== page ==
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New Polar Route Plans For Japan Nuclear Shipments


Moscow, January 22nd , 2001, A press report has revealed that the Japanese nuclear industry and Russian government are negotiating an agreement to ship highly radioactive nuclear waste from Europe to Japan via the Arctic. Greenpeace warned such a plan by a criminally dangerous and unnecessary industry is "desperate madness" and could cause a catastrophic accident.

The news of the Russo/Japanese negotiations was revealed today by the Japanese Kyodo news service. According to their report, the Federation of Electric Power Companies (FEPCO), the Japanese electrical utilities, is proposing to make a test shipment as early as this year. The first full nuclear transport would then take place in 2002.

The plans are under consideration because of growing public and political opposition to established routes between Europe and Japan. One nuclear industry official admitted the degree to which the shipments have been condemned by en- route countries was much high higher than expected and that “this has become a situation that cannot be ignored diplomatically”. The report claims the industry believes the alternative Northern route would generate less criticism from fewer countries.

"The nuclear industry is being forced to consider extreme, and frankly desperately dangerous measures to avoid the widespread international opposition to their deadly trade. But taking the notorious Northern Arctic route is no solution. It will still put many countries at an unacceptable risk of environmental contamination. Instead of these reckless plans they should halt their nuclear transports and stop reprocessing in Europe," said Shaun Burnie, of Greenpeace International.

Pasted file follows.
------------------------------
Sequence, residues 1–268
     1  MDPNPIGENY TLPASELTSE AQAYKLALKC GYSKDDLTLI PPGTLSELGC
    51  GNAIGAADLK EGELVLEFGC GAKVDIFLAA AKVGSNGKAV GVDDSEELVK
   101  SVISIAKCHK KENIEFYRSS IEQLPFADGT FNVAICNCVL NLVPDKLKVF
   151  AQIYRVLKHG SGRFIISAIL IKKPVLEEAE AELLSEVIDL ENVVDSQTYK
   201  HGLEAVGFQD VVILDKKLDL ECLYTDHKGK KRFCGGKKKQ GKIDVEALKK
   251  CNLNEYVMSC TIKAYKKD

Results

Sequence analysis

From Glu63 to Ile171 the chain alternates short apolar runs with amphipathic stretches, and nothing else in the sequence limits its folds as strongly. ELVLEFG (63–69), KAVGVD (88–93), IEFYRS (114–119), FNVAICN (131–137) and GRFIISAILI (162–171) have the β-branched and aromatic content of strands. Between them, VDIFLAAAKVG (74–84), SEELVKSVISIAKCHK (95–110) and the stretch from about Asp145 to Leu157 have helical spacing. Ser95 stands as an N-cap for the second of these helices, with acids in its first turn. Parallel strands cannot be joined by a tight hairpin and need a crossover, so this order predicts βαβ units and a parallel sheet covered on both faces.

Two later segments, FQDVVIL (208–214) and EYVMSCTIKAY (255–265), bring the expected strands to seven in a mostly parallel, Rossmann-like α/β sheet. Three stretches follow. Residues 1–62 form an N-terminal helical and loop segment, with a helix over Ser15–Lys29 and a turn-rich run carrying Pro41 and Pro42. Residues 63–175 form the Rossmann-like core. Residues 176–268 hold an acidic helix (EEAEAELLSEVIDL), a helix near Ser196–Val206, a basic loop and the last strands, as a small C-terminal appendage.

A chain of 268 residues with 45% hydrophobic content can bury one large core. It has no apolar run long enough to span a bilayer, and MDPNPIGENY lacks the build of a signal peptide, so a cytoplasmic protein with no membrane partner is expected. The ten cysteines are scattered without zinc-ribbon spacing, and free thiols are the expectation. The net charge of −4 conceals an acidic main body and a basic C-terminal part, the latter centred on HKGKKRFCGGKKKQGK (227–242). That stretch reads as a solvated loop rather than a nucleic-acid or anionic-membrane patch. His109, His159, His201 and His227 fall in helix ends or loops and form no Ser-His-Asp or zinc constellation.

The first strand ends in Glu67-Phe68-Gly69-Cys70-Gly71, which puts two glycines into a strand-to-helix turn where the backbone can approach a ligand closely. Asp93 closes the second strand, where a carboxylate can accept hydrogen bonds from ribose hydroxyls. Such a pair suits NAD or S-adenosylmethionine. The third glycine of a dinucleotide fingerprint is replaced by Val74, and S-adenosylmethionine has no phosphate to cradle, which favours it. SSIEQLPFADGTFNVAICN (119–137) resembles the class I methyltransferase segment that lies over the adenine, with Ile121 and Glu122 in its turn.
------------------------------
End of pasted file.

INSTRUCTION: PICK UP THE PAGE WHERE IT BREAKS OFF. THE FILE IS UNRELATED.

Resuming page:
The nuclear High Level Waste (HLW) to be transported is a by-product of plutonium separation from Japanese irradiated nuclear fuel at the French state- controlled COGEMA La Hague reprocessing plant and the British state- controlled British Nuclear Fuels (BNFL) Sellafield reprocessing plant. The glassified HLW is one of the most radioactive materials ever produced. A person standing within one meter of an unshielded block would receive a lethal dose of radiation in less than one minute.

The new transport routes would probably be through the English Channel and the North Sea, along the Norwegian Coast to Russia putting en-route countries like Belgium, Netherlands, Germany, Denmark, Norway, Sweden and Finland, the USA (Alaska) and most of all, Russia, in serious danger of a nuclear catastrophe. Alternatively, material could also be shipped via the Irish Sea between Ireland and Scotland or west of Ireland into the Atlantic.

The Northern Arctic route would require the use of vessels from Russia’s nuclear powered ice breaking fleet. The three most powerful of the fleet are the: “Rossiya”, “Sovetskiy Soyuz” and “Jamal”--all based near Murmansk.

“The world would be facing an unbelievably dangerous and bizarre convoy. An old Soviet designed nuclear ice-breaker smashing through Polar ice ahead of another ship carrying a deadly cargo of Japanese nuclear waste coming from UK or France. It is difficult to say who is crazier: those who propose such a scheme or those who would agree to it-- both must be mad. The last thing the fragile Arctic needs is more nuclear contamination, " said Tobias Muenchmeyer, Russian nuclear expert of Greenpeace International.

Six HLW transports have been made between France and Japan since 1995--the most recent has just passed around South America/Cape Horn having left France in December 2000 and is expected to arrive in Japan in February 2001. Other routes have been the Caribbean Sea / Panama Canal and South Africa / Cape of Good Hope/ Indian Ocean/ Tasman Sea and South Pacific. These transports have generated a massive opposition with dozens of en route nations condemning them, and in numerous cases attempting to close their waters to them.

“Taking to the ice will not chill the protests," said Muenchmeyer. "We believe that this shamelessly irresponsible scheme will melt away as soon as the spotlight of public opinion and political pressure is brought to bear."

On Friday, January 19th, the armed British freighter the Pacific Pintail left the French port of Cherbourg, laden with its deadly cargo of plutonium/MOX fuel bound for Japan.

For more information: Tobias Muenchmeyer +49 30 440 58 960, Greenpeace International in Germany Ivan Blokov +7 095 257 41 22, Greenpeace Russia in Moscow Damon Moglen, +1 202 319 24 09 Greenpeace International in Washington, DC Shaun Burnie, +31 6 29 00 11 33 Greenpeace International in Amsterdam

Briefing paper and map of potential routes available at:


For information on Greenpeace please visit:

High-bandwidth users can view current and archive streaming Greenpeace videos at:

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